Wednesday, June 13, 2012

Solar Storms: Part 4

The solar cycle is expected to be at its highest point, or peak, sometime in 2013 or 2014; no one can truly be sure when (Rincon, 2012). More solar flares and coronal mass ejections are expected in the next few years because of the solar cycle gaining in activity. Some storms are expected to cause some problems with technology on earth, such as satellites and aircraft signals and navigation (Rincon, 2012).
Every once in a while, magnetic energy is released from the Sun's atmosphere making solar flares, or intense bursts of radiation, appear. Coronal Mass Ejections, or CMEs, occur when particles with high amounts of energy are released into space. Coronal Mass ejections and Solar Flares often go hand-in-hand though coronal mass ejections can occur by themselves.
Geomagnetic storms, or solar storms, are then created as soon as the particles in coronal mass ejections or solar flares collide with Earth. They mess up the magnetosphere which "protects its denizens from the worst effects of cosmic rays." (Rincon, 2012)
Solar storms are important because of all of the effects they can cause on Earth. Millions of dollars worth of damage can happen because of these geomagnetic storms. Up to $2 TRILLION dollars of initial damages are expected for large storms, according to the US National Academy of Sciences (Rincon, 2012). Communication and power lines are easily damaged I(Rincon, 2012). The Aurora borealis and australis, or the polar lights, are also affected by geomagnetic storms, but they don't create as much damage to human life as the technology interference, that the storms cause, do. The most important thing to learn with how to deal with these storms is to learn all about the storms, first. That is exactly what the US National Oceanic and Atmospheric Admistration's Space Weather Prediction Center plans to do (Rincon, 2012).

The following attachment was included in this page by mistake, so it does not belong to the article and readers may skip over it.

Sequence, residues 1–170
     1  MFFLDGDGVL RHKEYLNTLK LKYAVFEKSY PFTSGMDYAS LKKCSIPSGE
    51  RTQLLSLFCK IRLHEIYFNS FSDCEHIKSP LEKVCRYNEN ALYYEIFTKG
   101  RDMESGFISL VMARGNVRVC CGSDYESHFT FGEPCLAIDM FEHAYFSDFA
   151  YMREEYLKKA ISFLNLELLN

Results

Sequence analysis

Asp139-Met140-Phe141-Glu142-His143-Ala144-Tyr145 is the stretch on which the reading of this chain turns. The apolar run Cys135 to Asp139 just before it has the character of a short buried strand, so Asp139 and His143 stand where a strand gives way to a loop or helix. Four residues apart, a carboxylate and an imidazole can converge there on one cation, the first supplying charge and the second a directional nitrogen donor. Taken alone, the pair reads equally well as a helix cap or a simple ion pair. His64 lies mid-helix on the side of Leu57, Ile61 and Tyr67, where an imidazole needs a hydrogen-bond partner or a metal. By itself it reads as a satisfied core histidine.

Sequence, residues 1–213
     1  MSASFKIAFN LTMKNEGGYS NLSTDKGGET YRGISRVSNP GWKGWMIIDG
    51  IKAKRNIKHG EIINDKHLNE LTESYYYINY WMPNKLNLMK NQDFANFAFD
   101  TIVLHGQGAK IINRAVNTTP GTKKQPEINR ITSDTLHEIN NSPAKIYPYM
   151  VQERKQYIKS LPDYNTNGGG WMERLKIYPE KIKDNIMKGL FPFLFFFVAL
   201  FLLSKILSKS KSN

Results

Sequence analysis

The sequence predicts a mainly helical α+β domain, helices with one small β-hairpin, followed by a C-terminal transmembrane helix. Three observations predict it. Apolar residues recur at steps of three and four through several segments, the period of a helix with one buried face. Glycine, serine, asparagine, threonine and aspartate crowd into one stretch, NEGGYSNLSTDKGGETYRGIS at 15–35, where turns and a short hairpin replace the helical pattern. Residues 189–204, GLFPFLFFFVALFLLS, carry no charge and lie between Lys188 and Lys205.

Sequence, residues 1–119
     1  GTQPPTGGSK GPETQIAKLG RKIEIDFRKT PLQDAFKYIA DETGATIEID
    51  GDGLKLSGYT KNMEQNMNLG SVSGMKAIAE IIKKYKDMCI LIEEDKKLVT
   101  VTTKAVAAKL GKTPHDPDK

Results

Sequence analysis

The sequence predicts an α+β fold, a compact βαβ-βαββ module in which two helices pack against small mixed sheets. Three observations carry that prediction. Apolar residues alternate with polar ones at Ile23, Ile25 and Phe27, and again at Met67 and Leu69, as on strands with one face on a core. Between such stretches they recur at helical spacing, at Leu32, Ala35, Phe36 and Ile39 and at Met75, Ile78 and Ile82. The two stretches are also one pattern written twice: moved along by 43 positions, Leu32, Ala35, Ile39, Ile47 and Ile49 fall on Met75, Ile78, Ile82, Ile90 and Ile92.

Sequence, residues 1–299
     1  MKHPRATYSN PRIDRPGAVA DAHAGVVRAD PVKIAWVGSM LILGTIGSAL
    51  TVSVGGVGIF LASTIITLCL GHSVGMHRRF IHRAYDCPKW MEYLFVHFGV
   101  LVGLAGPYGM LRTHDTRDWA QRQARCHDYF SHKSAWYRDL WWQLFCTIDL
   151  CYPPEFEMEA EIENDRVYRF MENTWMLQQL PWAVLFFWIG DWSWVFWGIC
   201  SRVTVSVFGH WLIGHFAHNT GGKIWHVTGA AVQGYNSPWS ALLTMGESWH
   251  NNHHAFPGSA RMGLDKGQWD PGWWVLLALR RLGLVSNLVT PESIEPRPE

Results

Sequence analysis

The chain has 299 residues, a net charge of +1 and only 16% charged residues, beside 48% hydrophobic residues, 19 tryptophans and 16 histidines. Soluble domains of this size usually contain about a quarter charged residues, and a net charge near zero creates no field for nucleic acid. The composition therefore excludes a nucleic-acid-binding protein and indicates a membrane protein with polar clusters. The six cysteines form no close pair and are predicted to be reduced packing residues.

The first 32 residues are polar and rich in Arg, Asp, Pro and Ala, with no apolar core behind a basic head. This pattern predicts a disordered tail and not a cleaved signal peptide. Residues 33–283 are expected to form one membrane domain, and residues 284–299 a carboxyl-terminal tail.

No comments:

Post a Comment